Tuesday, September 10, 2019

The Communion of Saints and the Christian Life

In an earlier post, I had written about the biblical doctrine of the communion of saints and its development in the Reformation. In short, this doctrine is the idea that believers share a common union with Christ and His benefits, giving them a share in each other's gifts and graces, so that each is bound to maintain a fellowship in common worship, mutual edification, and outward relief. Here I want to write again on how this doctrine enriches our explanation of the church and our role in it. We can explain the church not only as a means by which salvation comes to us through the word and sacrament, but also as a benefit of salvation and a purpose of salvation.

Would anyone want to reject forgiveness, resurrection, or any other benefit of salvation? Those who have been baptized into one body by the Spirit have been given all His diverse gifts found throughout the whole body (1 Cor. 12:7, 12-13). This includes the gift of pastors and teachers, which Christ gives to His church to build it up (Eph. 4:11). The gifts of the whole church are a gift to me. It is a great benefit to the individual body part (eye, ear, etc.) to be united with the rest of the body. The church, the society of saints, is a divine gift, obtained by the sacrifice of Christ and received only though union with Him.

And not only is the church given to us, but we are each given by God to the church. One purpose of our salvation is to build up a new humanity in Christ. The sanctification of the church is a goal of Christ’s death (Eph. 5:25-27). Thus, grace is given to each of us so that we might each do our part to increase the maturity and Christlikeness of the church (Eph. 4:7-16). While the salvation of individuals is one goal of salvation, it is also a means to a further goal, which is the maturation of the church.

And so the Christian life is a shared life. It is one that involves binding relationships that are founded on union with Christ. Active membership in the visible society of saints is not an optional or merely desirable aspect of the Christian life. As a means, a benefit, and a purpose of salvation, it necessarily has a place in the life of the believer.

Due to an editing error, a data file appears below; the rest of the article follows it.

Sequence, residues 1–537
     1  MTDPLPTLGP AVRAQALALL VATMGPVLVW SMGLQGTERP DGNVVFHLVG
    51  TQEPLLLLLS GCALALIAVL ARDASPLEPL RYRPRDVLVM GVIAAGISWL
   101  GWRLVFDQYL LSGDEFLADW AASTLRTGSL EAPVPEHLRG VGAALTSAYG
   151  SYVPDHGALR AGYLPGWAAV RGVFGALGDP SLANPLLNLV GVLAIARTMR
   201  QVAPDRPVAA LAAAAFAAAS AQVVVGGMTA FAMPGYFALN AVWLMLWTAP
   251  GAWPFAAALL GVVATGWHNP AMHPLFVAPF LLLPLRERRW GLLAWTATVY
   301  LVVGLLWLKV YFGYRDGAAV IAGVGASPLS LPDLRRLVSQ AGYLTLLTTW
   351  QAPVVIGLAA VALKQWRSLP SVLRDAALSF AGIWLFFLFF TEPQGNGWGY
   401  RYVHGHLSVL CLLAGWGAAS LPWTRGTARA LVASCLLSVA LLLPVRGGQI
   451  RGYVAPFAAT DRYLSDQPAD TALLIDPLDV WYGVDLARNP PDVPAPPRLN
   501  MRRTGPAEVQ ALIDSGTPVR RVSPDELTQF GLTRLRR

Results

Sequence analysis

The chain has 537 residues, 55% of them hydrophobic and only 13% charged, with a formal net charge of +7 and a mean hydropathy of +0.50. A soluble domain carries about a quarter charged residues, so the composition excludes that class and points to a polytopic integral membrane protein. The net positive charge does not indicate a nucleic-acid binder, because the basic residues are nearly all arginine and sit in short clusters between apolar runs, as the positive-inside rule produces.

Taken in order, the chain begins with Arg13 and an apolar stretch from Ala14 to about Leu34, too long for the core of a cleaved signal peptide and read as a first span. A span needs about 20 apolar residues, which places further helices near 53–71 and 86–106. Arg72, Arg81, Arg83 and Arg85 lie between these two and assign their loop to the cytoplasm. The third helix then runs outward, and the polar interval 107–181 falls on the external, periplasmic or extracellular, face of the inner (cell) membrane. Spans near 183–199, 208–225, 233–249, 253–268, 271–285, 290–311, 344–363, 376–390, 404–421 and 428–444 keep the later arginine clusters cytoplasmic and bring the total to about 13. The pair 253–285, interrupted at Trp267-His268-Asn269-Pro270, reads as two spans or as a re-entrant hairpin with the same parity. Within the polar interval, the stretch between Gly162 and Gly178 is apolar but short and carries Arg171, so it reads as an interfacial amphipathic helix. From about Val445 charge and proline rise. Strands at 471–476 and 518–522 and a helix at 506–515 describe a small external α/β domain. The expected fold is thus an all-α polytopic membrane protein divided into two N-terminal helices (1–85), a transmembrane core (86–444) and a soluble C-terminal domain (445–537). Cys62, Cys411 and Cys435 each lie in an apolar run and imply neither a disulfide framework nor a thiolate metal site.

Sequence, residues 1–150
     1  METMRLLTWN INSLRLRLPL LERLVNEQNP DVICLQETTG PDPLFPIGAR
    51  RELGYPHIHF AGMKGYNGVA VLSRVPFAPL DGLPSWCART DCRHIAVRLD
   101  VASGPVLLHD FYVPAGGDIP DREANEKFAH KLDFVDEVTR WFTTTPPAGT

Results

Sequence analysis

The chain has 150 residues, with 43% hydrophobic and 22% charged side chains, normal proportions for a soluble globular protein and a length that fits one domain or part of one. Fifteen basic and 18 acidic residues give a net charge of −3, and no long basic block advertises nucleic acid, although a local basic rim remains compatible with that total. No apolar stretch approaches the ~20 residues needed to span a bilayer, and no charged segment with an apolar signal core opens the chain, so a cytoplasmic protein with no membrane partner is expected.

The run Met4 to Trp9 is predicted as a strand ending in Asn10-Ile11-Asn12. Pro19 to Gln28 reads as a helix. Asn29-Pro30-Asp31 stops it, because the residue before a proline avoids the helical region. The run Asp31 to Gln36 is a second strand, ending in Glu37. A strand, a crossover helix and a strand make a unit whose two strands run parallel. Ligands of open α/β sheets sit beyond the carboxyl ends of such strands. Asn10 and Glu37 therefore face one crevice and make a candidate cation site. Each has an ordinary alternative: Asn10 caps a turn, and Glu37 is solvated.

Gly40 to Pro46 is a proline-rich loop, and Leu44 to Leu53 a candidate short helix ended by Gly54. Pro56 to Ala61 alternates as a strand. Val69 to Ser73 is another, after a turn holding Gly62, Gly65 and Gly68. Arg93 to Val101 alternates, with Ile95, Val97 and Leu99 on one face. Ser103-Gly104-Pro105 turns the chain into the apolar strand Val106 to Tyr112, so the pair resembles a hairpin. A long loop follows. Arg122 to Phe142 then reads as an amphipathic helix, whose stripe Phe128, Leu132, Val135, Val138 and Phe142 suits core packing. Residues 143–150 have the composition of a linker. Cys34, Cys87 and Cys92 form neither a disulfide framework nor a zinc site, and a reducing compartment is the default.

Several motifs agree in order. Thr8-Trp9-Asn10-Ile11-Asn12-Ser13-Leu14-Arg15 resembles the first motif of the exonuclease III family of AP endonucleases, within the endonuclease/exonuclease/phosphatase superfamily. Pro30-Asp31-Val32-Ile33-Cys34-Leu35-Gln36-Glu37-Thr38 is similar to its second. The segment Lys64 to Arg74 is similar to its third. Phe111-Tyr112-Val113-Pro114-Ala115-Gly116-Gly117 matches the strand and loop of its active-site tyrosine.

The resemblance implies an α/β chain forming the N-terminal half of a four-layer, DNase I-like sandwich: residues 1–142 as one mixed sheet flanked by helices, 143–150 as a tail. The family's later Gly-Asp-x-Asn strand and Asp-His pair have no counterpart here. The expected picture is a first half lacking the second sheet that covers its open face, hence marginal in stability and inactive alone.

The organization of the church provides a context for practicing this communion by identifying the body of Christ through baptism, the Lord’s Supper, and discipline. A fixed congregation under established leadership provides a context where we can maintain this fellowship in worship, mutual edification, and care for one another’s needs. In this way, the communion of the saints is nourished by Christ's appointed ordinances, equipped to build itself up, just as a body eats food and then process this food with its various organs so that it gains strength and growth. We can only gain this benefit by participating in a particular visible church. As Abraham Kuyper said, “From the organism the institution is born, but also through the institution the organism is fed” (“Rooted and Grounded,” The Church, 2016).

So the church is not a mere accessory to the Christian life, nor is church membership a bare command. The importance of the church flows from our shared union with Christ. The doctrine of the communion of saints connects salvation and the church and unites the believer to the body. The correct understanding of this doctrine motivates and directs a participatory practice of Christian community in the context of the organized church. In a day where American Christians are prone to privatize the faith and abandon organized religion, we could use greater reflection on this important biblical concept.

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